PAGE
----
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The persuasive Mr. Lockhart

I'll tell you how good Joe Lockhart is. During an hour with the president's press secretary the other morning, at a Monitor breakfast, I found myself forgetting the president's moral flaws and his recent troubles and seeing a Bill Clinton who - somehow - is rising above his impeachment and making one of his famous comebacks.

Mr. Lockhart, like his predecessor, Mike McCurry, is a champion at putting the best light on a client - the client in this case being the most powerful individual in the world.

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That's his job; you expect it. But, like Mr. McCurry, Lockhart brings a persuasiveness to his positive interpretations of whatever controversy Mr. Clinton has stirred up. And, like McCurry, Lockhart clearly retains a high regard for Clinton and believes the president, despite all his reckless acts, is a person he can respect and work for. Both of them have convinced me they think Clinton is a man who wants to do good for his country.

"But," as Lockhart said of his job just before we sat down for breakfast, "it isn't easy."

I can't vouch for the Lockhart picture of a recovering president. I'm out in Chevy Chase, Md., where I no longer get close-up views of a chief executive. From where I sit it has looked like a long road back for Clinton.

But, for a while, I succumbed to Lockhart's glowing depiction of a president working every waking moment to take some step, push some legislation, do anything he can to improve the lot of Americans. Joe said that Clinton would never let up on his work for the nation, that even on Clinton's last day and in his formal goodbye speech he'd be penciling in some impromptu comments about some programs he would like to see enacted.

I don't think I'll ever see a better press secretary than Mike McCurry. How he ever dealt with all that prevarication from his boss and still was able to maintain his own credibility I'll never know. But he did. He kept balancing all the good he thought Clinton was capable of doing against the Clinton who took outrageous risks. And while highly tempted to resign, he stayed on and on. Why? Because, down deep, he liked Clinton and wanted to stay loyal to a man whose dream for America he could embrace.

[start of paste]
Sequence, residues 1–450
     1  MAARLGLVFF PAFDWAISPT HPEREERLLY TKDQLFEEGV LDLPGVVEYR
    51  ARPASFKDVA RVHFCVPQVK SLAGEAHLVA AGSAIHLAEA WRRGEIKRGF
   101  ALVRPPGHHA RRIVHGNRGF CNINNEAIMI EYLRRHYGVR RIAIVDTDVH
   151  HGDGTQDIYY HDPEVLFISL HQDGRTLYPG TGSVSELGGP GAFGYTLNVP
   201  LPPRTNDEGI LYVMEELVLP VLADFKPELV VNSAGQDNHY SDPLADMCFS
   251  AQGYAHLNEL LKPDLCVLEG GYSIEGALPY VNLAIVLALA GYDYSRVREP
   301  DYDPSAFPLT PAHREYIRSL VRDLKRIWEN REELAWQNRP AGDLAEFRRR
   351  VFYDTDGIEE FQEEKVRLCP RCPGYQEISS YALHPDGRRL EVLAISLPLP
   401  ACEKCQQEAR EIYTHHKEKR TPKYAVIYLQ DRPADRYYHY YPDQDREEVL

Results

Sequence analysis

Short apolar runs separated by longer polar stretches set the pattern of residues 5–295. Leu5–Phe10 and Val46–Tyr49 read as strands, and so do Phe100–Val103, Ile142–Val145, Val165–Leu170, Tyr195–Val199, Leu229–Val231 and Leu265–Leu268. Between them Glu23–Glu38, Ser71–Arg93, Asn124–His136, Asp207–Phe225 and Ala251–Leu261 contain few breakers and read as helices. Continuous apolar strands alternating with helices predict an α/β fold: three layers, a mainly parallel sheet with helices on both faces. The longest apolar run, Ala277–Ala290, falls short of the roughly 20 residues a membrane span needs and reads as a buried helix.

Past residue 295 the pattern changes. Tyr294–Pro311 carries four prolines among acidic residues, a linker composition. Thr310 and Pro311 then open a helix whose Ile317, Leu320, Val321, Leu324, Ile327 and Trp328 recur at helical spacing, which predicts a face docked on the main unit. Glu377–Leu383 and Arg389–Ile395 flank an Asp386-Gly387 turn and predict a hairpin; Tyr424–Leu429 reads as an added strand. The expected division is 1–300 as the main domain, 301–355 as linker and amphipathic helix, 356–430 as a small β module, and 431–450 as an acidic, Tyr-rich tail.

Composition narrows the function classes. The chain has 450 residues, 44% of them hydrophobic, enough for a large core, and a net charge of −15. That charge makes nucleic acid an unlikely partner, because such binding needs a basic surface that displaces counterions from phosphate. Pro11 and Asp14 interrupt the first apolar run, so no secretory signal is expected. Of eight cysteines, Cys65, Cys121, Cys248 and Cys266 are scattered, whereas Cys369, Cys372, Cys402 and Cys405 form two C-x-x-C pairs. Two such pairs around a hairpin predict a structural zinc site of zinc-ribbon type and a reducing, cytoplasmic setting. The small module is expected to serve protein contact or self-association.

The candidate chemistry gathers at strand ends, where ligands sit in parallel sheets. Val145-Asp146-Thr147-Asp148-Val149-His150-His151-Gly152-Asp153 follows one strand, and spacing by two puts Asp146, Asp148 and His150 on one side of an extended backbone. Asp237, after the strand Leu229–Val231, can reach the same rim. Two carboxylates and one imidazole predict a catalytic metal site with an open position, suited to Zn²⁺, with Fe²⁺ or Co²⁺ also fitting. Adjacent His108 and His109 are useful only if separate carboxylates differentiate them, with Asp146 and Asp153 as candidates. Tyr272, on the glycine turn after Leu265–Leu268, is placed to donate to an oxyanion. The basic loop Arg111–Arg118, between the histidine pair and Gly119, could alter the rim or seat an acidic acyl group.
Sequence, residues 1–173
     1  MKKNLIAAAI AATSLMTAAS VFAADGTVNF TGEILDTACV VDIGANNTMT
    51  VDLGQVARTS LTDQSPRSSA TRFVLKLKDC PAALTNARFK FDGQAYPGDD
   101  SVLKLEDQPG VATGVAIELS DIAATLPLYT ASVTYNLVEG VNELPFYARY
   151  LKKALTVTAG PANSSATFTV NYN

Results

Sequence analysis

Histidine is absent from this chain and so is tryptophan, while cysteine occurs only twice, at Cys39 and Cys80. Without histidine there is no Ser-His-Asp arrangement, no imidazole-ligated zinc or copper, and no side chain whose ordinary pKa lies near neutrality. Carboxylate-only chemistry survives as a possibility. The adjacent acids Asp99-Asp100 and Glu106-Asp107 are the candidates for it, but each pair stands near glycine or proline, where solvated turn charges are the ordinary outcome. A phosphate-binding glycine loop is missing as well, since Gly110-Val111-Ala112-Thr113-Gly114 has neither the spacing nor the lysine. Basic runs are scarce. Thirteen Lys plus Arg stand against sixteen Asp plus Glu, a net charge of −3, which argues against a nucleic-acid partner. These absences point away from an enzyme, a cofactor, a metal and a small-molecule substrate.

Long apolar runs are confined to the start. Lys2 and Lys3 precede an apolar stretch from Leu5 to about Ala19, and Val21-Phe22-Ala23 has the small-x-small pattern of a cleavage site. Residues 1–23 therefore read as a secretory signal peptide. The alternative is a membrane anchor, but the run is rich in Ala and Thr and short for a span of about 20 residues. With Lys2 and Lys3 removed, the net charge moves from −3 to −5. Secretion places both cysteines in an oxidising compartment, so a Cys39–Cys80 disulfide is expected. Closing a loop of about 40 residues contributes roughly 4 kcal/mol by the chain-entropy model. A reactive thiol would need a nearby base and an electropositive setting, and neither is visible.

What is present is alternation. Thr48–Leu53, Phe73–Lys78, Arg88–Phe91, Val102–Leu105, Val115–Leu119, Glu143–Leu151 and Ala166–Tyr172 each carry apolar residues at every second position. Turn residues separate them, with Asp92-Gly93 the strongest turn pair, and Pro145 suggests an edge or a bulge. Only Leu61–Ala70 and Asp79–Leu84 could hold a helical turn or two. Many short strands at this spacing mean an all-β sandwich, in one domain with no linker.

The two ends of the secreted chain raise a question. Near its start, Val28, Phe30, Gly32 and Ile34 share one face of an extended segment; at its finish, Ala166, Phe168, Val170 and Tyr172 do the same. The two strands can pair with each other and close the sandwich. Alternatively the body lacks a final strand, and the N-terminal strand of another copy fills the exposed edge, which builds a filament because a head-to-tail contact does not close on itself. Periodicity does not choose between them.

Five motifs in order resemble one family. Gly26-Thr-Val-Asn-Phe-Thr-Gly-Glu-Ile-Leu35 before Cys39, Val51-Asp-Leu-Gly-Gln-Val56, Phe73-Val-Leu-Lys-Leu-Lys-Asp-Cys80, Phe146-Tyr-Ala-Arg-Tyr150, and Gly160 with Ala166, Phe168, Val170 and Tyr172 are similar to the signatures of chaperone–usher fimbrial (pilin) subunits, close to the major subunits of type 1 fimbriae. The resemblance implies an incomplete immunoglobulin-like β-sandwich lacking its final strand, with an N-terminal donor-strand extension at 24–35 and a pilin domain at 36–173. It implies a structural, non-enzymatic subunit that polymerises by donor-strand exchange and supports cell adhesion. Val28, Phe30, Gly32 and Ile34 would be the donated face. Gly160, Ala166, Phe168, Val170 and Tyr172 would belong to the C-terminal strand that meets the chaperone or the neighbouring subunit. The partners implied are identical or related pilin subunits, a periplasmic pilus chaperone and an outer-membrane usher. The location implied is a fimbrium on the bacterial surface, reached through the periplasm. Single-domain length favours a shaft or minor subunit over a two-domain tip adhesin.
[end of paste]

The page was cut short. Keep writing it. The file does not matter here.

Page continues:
But, with the crisis past its height, Mike stepped aside for his deputy, Joe Lockhart.

Joe might have said, "Thanks a lot, but no thanks!" He knew he was being handed a hot potato. But, instead, he gladly, thankfully accepted the job. As he said at breakfast: "It's a wonderful job. It's the best job I ever had. I love it."

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One of McCurry's success secrets was his access to Clinton. His predecessor, Dee Dee Myers, hadn't had that access; so she failed. The press has to feel that the spokesperson is close in to the president. I asked Lockhart about his access and he laughingly replied: "Better than McCurry's - I play hearts with the president."

"Is Clinton a poor loser?" I asked. "Yes," he said.

"Are you a poor loser?" I then asked. "Yes," he said. He's laughing at these questions.

"Does he cheat?" I asked (there are more stories about Clinton cheating at golf). "No," Joe insisted but joshed that he didn't know how you could cheat at hearts.

I came away from this breakfast with this conclusion: It may very well be that Clinton is making a comeback from blows that would put most humans down for the count. Joe was most convincing. That means he is a very good press secretary. Will I hold that extremely rosy view of the president? No, I will soon recover and be the skeptical, questioning newsman that I'm supposed to be.

(c) Copyright 1999. The Christian Science Publishing Society

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